I have always believed I am more similar to my dad than my mom in many ways. Like my dad, I can have great patience and tolerance for many things but am very short tempered when enough is enough. On the other hand, my mom is always reasonably tolerant and does not lose her temper quite as easily. My sister, however is a combination of both. She chooses to get either very angry when things aren't going her way, or chooses to simply ignore the situation or the person at hand. We know that if she does not want to do something she is told, she will simply turn around and head in the other direction pretending not to hear, or will stay and ignore your request and pretend to not understand. She has caught on to our bribes of sweets and rides in the car and will not do something if she does not want to. My parents say she got this stubbornness from me, but I know otherwise. Aside from this, I have been told that there are many little traits and characteristics about Michelle that resemble me. We both live to climb and jump over anything and everything. Even when we are walking, she'll add a hop or two in between her steps. She will climb any stair, chair, or table she can get her hands on and slide or jump down over and over again. She even learned to walk before she mastered crawling. Although my parents find us similar in our actions and behavior as toddlers, the environment in which I was raised in and the one in which Michelle is raised in is very different. The first three years of my life, I grew up in Burma (Myanmar) where the environmental conditions are almost completely opposite of that in the United States. It is interesting to see how or if our genes and the environment interact to influence behaviors and personalities.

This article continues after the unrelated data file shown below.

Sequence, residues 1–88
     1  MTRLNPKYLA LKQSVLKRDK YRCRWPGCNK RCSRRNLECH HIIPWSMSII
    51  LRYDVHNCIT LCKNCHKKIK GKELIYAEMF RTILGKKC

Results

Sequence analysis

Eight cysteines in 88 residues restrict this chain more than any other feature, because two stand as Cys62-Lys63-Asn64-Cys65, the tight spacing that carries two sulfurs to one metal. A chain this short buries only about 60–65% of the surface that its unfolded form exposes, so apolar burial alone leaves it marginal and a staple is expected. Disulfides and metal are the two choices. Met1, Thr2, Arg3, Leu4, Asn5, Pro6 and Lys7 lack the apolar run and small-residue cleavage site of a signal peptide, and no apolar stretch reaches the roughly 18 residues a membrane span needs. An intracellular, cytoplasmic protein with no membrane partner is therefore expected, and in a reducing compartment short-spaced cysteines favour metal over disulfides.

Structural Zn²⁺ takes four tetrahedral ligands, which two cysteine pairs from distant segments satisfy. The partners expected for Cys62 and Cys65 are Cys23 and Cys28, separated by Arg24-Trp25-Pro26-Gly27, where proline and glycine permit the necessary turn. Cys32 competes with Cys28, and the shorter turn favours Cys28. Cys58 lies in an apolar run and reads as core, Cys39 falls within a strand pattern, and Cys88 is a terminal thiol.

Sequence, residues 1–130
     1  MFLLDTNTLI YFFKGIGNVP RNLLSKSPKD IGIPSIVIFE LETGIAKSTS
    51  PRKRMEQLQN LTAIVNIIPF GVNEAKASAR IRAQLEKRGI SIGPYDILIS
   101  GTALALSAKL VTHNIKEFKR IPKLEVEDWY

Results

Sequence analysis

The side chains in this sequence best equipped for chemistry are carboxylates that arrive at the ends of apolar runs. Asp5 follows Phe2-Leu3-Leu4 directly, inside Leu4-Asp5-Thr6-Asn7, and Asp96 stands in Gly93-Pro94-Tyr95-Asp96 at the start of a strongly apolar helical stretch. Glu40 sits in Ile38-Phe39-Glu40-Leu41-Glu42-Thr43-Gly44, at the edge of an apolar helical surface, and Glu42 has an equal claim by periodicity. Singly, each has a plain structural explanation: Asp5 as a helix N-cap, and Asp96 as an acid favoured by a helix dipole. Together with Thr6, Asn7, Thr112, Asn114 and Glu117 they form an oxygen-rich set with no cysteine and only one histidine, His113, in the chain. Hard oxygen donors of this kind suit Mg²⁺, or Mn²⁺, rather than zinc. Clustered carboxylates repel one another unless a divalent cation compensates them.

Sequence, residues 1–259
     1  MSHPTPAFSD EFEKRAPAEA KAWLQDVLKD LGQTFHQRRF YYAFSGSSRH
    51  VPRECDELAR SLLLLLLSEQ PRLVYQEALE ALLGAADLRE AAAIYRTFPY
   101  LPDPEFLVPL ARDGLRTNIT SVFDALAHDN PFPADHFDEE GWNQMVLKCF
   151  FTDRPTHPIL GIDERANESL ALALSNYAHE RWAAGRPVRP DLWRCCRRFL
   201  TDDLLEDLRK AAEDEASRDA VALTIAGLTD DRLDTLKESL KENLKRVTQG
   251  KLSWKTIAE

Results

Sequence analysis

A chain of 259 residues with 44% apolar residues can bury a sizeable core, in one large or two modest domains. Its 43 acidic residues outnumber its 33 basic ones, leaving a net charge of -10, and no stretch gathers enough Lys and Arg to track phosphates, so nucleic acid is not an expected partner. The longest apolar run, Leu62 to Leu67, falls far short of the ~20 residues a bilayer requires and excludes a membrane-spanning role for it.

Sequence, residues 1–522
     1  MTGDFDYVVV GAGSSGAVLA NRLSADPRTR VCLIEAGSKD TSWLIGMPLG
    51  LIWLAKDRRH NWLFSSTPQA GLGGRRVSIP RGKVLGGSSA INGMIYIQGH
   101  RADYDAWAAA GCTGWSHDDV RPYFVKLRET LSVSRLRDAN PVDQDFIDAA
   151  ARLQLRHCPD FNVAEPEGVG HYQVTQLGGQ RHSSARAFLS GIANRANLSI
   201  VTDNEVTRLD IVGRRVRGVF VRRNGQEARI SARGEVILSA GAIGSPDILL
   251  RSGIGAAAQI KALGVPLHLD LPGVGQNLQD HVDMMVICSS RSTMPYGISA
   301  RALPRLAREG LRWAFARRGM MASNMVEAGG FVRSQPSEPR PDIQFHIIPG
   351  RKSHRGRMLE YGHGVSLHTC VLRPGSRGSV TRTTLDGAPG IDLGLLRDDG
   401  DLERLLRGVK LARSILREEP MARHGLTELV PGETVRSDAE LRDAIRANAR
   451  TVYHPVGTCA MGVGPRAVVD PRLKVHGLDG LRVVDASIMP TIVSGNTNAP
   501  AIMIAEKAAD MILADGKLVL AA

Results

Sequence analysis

Researchers have experimented and studied some of the cellular and molecular mechanisms involved in brain function. One particular study conducted by Scott Swartzwelder, a clinical professor of psychology and behavioral science, found the nutrient choline plays a vital role in wiring the brain for memory and learning. Choline is a precursor of the neurotransmitter acetylcholine, a chemical used in the transmission of brain impulses between nerves, muscles and organs. In this case, choline is involved directly with cognition, stimulus response, and long and short-term memory (1). The study showed that feeding choline supplements to pregnant rats resulted in the production of offspring with increased memory capacity and learning rates. Although this is not to say that pregnant women should start increasing their dietary levels of choline, which can be found naturally in eggs, nuts, milk and liver, this study does show improved capacity of brain cells in rats for long-term potentiation. Choline, which is used to make the memory-managing messenger chemical acetylcholine, helped improve the preparation of the brain to receive similar messages in the future (2). A region of the brain, which is crucial for the sorting of short-term memories into long-term memories, is the hippocampus. The hippocampus is a horseshoe shaped region of the subcortical brain. Located in the temporal lobe, it has been found to have a role in emotion and sexuality (3). It also contains "place cells" that construct mental maps of position, which is implicated in the learning and remembering of spatial orientation. This 3-D "mental map" of the world around us is crucial for our ability to move around our surroundings. Studies in monkeys have shown that damage to this region causes the inability to navigate through familiar areas. In mice, the hippocampus of the brain contains about a million of these large nerve "place cells" which also enable mice to record their location in space.